Objective: To identify the relative importance of extrinsic determinants of doctors’ choice of specialty.
Design: A self-administered postal questionnaire.
Setting: Australian vocational training programs.
Participants: 4259 Australian medical graduates registered in September 2002 with one of 16 Australian clinical colleges providing vocational training programs.
Main outcome measures: Choice of specialist vocational training program; extrinsic factors influencing choice of program, and variation by sex, age, marital status and country of birth.
Results: In total, 79% of respondents rated “appraisal of own skills and aptitudes” as influential in their choice of specialty followed by “intellectual content of the specialty” (75%). Extrinsic factors rated as most influential were “work culture” (72%), “flexibility of working arrangements” (56%) and “hours of work” (54%). We observed variation across training programs in the importance ascribed to factors influencing choice of specialty, and by sex, age and marital status. Factors of particular importance to women, compared with men, were “appraisal of domestic circumstances” (odds ratio [OR], 1.9), “hours of work” (OR, 1.8) and “opportunity to work flexible hours” (OR, 2.6). Partnered doctors, compared with single doctors, rated “hours of work” and “opportunity to work flexible hours” as more important (OR, 1.3), while “domestic circumstances” was more important to doctors with children than those without children (OR, 1.7). In total, 80% of doctors had chosen their specialty by the end of the third year after graduation.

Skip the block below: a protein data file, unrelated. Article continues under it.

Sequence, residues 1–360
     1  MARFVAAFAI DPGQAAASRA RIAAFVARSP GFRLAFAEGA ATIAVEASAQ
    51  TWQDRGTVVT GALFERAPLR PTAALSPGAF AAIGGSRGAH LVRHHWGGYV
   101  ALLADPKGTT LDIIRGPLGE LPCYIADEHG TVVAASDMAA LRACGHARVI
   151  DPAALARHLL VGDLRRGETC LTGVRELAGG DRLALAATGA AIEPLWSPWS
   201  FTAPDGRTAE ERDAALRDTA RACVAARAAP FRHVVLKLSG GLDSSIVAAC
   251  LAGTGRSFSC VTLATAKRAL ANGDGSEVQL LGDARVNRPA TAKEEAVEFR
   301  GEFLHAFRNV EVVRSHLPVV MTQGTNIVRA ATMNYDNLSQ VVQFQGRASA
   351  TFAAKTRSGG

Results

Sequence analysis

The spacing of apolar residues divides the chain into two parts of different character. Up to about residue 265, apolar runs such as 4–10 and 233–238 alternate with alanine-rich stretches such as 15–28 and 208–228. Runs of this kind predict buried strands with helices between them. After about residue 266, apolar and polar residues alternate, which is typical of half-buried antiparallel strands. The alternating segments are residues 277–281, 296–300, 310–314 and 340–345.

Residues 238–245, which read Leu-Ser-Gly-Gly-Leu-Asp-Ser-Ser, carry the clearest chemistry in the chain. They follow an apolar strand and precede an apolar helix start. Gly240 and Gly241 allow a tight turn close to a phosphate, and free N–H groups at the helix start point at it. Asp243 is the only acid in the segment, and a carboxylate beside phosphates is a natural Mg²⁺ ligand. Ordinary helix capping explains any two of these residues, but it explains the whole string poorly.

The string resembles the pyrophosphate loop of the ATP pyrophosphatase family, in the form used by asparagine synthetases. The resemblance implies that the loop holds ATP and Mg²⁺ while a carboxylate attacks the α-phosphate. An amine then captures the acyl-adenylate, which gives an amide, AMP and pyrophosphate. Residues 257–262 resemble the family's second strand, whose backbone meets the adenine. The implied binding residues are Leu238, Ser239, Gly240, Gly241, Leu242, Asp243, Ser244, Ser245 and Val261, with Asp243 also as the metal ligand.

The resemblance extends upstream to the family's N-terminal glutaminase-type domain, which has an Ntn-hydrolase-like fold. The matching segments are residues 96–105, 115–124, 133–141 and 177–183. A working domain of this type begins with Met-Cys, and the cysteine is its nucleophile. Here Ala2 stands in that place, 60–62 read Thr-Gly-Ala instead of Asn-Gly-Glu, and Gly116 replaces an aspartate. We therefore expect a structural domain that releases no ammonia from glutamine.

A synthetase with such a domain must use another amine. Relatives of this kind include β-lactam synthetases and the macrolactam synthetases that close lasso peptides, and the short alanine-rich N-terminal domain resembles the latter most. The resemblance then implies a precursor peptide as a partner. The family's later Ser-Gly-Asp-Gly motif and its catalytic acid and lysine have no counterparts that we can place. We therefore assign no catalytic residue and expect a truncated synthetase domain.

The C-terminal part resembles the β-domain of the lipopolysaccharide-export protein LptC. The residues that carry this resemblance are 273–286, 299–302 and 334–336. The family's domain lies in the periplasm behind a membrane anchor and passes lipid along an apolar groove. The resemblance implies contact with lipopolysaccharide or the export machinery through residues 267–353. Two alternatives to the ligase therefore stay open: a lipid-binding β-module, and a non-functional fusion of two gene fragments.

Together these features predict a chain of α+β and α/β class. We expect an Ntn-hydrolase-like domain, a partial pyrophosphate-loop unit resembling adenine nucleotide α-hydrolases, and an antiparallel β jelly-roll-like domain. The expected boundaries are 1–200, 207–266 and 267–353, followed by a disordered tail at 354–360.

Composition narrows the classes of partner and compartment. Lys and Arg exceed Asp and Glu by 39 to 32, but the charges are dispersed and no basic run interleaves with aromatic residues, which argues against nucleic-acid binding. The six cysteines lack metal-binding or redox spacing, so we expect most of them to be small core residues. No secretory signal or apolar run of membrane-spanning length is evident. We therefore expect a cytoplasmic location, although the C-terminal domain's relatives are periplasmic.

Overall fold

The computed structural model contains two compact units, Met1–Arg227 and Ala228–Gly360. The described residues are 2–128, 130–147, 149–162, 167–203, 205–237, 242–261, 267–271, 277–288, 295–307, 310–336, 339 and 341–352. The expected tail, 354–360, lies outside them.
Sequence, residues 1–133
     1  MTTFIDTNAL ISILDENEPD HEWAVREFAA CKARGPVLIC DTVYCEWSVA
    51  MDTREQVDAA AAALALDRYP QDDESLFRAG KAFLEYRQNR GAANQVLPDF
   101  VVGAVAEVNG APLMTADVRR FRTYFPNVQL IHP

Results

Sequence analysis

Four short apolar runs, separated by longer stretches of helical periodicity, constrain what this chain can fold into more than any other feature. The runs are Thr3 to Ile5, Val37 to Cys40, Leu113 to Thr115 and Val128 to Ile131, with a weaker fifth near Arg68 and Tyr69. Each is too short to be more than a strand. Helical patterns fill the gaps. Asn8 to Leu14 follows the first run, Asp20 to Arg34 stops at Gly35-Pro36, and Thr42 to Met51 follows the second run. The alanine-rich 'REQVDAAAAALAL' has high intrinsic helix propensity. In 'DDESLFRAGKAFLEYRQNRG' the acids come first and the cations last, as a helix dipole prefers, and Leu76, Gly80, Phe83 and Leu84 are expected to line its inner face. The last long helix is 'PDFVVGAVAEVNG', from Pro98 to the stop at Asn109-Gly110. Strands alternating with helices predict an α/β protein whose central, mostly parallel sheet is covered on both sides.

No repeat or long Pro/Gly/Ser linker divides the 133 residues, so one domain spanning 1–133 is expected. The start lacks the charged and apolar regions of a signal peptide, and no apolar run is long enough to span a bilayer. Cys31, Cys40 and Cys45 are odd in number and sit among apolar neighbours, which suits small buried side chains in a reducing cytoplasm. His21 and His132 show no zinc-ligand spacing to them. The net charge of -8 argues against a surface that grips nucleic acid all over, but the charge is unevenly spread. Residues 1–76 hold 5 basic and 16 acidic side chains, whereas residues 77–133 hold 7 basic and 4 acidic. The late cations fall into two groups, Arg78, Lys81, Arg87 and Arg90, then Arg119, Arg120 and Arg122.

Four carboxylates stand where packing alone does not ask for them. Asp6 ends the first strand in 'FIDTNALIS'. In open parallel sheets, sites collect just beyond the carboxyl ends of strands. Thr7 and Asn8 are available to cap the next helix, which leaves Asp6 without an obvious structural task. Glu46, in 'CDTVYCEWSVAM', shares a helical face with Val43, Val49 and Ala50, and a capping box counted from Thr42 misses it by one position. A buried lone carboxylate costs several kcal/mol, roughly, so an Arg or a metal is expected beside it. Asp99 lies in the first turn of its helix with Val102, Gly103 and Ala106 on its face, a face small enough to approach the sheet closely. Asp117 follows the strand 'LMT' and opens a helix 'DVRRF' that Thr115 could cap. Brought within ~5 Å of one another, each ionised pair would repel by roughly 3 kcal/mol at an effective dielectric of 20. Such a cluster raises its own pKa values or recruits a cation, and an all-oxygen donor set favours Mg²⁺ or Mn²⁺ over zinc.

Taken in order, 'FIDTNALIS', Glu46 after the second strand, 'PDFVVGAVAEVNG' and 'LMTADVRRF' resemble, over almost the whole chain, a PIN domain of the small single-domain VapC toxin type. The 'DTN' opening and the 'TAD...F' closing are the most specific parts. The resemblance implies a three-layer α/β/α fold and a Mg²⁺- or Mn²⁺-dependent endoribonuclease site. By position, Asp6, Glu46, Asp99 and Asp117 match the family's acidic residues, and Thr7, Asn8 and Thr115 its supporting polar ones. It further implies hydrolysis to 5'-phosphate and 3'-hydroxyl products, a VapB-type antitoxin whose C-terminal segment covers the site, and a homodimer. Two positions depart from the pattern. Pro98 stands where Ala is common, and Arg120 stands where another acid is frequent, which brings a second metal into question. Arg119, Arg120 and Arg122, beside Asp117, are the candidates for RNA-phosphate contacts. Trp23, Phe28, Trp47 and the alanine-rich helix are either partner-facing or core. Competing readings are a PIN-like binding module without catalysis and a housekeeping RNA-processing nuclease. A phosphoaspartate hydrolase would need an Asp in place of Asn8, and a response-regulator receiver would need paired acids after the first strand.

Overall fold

Conclusions: Experience with discipline-based work cultures and working conditions occurs throughout medical school and the early postgraduate years, and most doctors choose their specialty during these years. It follows that interventions to influence doctors’ choice of specialty need to target these critical years.
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